Five reasons why Dortmund can win in Monaco

Here are five reasons to believe the embattled Dortmund can turn things around at Monaco's Stade Louis II stadium.

Borussia Dortmund's players hold up the jersey of teammate Marc Bartra after its match against Eintracht Frankfurt on Friday. Bartra was heavily injured after the bomb attack on Dortmund's team bus on April 11.   -  AP

Borussia Dortmund looks to overturn its 3-2 home defeat against Monaco in Wednesday's Champions League quarterfinal return leg away to the French League leader.

Here are five reasons to believe the embattled Dortmund can turn things around at Monaco's Stade Louis II stadium:


Reus' return

Marco Reus is back from injury and the Germany winger will give Dortmund a substantial boost.

Reus is mentally fresh, having not been on the team bus hit by three explosions last Tuesday, en route to the first-leg, which left Marc Bartra needing wrist surgery and his Dortmund team-mates shell-shocked.

The match was eventually replayed on Wednesday, 24 hours after the blast, with Reus left out as he finished recovering from a hamstring injury.

Last Saturday, Reus marked his return after six weeks on the sidelines with an audacious backheel after 122 seconds in its 3-1 win over Eintracht Frankfurt.

Borussia coach Thomas Tuchel played Reus for 45 minutes to build his fitness with one eye on Monaco.

"With Marco on the pitch, all other players have a different attitude and more self-confidence," said Tuchel.

Reus will be looking to resume his partnership with Dortmund's top-scorer Pierre-Emerick Aubameyang which has yielded 10 Champions League goals this season.

Aubameyang, who has scored 33 goals this season, will have a point to prove at Monaco, where he spent an unsuccessful loan spell in 2010/11.


The Bartra factor

The Dortmund squad received a timely boost when Bartra left hospital on Saturday.

The Spanish defender posted "proud to be part of this family! #NoWords" on Instagram alongside a picture of the squad holding aloft his number five shirt when they celebrated after Saturday's win.

Dortmund will be playing for its injured team-mate in Monaco.

While recovering at home, Bartra received a visit from his ex-Barcelona teammates Sergio Busquets and Jordi Alba on Monday.

Busquets knows all about second-leg shock comebacks having played in Barcelona's astonishing 6-1 win over Paris Saint-Germain to win their Last 16 clash 6-5 on aggregate.

Dortmund's single goal deficit is dwarfed by the 4-0 first-leg defeat in Paris which Barca managed to overcome.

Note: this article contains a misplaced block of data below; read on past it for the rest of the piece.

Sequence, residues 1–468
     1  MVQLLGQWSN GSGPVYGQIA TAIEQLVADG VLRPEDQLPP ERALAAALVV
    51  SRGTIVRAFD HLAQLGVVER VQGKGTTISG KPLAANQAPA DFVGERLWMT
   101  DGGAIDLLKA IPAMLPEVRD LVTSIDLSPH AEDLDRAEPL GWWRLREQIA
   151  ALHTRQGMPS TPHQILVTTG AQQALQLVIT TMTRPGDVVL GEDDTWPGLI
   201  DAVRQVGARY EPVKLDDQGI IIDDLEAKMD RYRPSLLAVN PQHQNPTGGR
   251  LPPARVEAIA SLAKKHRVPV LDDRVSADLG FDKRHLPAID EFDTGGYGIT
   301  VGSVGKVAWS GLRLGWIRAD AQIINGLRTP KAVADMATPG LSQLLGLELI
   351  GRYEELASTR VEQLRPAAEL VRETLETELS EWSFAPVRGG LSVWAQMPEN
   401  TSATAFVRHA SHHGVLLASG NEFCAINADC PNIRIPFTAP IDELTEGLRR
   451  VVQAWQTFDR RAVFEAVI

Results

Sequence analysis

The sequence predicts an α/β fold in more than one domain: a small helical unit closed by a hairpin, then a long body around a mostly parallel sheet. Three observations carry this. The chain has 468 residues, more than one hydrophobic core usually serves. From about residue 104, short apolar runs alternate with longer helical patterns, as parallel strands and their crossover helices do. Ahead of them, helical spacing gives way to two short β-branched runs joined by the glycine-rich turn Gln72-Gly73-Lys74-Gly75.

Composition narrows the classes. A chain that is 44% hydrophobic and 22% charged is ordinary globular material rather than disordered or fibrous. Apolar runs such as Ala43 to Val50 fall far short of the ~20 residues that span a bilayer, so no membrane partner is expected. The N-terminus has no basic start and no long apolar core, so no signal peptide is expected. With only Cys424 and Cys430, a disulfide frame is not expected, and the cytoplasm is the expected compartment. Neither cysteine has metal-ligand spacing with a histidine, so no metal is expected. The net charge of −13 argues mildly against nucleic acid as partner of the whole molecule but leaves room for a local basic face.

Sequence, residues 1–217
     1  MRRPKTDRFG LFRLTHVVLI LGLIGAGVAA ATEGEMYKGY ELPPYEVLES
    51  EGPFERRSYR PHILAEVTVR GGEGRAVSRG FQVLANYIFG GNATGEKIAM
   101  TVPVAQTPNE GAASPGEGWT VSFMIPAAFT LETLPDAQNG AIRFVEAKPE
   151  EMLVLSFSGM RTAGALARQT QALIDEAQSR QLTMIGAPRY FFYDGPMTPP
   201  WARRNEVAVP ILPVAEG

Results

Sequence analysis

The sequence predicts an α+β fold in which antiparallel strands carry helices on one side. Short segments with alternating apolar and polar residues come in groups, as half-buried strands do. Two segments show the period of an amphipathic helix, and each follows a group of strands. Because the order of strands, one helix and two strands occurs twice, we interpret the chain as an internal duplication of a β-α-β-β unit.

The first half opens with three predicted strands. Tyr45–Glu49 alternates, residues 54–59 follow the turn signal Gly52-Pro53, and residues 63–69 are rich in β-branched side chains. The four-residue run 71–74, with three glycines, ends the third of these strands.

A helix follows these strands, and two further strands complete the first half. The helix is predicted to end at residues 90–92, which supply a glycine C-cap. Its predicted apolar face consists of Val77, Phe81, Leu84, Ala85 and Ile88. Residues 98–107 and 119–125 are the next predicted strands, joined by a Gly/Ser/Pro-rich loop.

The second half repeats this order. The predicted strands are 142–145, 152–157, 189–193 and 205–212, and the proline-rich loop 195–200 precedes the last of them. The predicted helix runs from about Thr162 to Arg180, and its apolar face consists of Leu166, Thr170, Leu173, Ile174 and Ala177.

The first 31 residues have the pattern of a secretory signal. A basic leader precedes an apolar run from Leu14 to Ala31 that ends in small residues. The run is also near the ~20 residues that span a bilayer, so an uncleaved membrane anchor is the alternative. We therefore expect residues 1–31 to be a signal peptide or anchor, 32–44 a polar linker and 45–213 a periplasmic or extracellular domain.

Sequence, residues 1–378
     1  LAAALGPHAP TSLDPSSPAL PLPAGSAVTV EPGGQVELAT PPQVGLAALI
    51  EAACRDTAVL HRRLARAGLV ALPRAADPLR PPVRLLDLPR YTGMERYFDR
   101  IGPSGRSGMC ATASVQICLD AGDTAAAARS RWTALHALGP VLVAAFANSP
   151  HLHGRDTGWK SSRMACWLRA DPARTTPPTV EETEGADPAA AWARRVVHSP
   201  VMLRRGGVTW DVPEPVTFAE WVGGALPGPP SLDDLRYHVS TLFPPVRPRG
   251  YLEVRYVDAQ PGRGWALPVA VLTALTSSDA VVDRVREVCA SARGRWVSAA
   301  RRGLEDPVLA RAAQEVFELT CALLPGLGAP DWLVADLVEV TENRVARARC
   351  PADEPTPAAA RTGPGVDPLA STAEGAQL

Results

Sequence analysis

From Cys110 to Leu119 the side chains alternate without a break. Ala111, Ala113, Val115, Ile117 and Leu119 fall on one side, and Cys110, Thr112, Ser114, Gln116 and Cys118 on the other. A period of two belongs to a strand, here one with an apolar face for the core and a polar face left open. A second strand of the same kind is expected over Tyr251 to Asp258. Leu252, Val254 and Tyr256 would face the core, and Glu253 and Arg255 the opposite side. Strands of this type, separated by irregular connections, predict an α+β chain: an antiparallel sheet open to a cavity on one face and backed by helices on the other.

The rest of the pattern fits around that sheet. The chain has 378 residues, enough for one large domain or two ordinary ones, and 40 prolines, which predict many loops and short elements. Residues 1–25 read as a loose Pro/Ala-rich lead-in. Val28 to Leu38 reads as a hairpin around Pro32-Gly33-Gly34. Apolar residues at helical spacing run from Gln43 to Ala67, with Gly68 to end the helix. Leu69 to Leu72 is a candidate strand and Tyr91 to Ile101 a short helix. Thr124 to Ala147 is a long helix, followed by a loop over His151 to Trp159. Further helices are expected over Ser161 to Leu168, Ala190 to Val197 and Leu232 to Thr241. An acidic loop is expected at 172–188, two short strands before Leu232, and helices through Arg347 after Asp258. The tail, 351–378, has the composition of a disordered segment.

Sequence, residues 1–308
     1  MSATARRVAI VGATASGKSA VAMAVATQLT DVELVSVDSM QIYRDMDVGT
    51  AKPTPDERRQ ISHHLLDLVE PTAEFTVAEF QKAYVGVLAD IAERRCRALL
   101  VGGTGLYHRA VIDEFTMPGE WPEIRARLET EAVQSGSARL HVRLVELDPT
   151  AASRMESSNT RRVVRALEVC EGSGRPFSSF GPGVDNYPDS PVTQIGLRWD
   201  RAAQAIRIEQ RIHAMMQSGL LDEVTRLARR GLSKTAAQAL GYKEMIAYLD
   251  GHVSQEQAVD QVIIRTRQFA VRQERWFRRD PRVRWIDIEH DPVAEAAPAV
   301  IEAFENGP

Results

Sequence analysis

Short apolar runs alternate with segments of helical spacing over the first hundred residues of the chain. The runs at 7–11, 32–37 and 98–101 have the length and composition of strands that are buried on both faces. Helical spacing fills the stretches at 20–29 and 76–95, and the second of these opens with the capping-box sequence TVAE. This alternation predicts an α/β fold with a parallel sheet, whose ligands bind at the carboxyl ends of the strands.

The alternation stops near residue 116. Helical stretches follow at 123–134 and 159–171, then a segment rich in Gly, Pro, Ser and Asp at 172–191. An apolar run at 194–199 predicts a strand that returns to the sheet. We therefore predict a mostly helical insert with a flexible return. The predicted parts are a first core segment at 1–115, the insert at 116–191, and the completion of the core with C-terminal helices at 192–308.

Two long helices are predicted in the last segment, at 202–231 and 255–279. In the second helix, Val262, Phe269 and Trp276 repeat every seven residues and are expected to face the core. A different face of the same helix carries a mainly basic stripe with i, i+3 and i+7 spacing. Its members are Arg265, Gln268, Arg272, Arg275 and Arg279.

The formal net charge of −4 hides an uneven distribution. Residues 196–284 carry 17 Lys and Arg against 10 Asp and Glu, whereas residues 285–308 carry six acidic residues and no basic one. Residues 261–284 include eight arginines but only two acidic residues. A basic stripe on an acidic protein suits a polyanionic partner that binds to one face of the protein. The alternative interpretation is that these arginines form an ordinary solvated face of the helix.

Strong Sokratis

Dortmund defender Sokratis Papastathopoulos was a pillar of strength at the back against Frankfurt, blasting home their second goal from 25 metres out, which he dedicated to 'Bartra and his family'.

The burly Greece centre-back made 17 tackles, launched a string of counter-attacks and won 76 percent of his challenges on Saturday.

He needs to again be on his game to contain Monaco's attack spear-headed by strikers Kylian Mbappe and captain Radamel Falcao, but said Saturday's win was a morale booster for Wednesday.


Vocal away support

Monaco's Stade Louis II has a 18,523 capacity, but 3,000 noisy Dortmund supporters are expected to make their presence felt to try and create a home-ground atmosphere for the visiting team.

A cordial atmosphere is expected between the supporters after Borussia fans offered beds to stranded Monaco supporters in Dortmund last week under the Twitter hashtag #Bedforawayfans.

Dortmund has only lost three of its 12 European away fixtures since the start of the season, but Monaco has won five of its six home Champions League games this season.


Third-time lucky

Dortmund is attempting to become only the third club to have lost the first-leg at home in the Champions League's knock-out phase and still progressed.

Ajax managed it in 1995/96 when it came back from a 1-0 defeat in Amsterdam to win 3-0 at Panathinaikos in Athens in the semifinals.

And Inter Milan also did it at Bayern Munich, which won the last 16 first-leg 1-0 in Italy, but lost the return 3-2 in Bavaria.

Monaco has won all 12 of its European matches when it was victorious in the first-leg -- and Dortmund want to make it unlucky 13.

In Monaco, Slovenia's Damir Skomina will referee and Dortmund has won all three Champions League games when he has been in charge, including its 2-1 group stage win at Sporting Lisbon in October.

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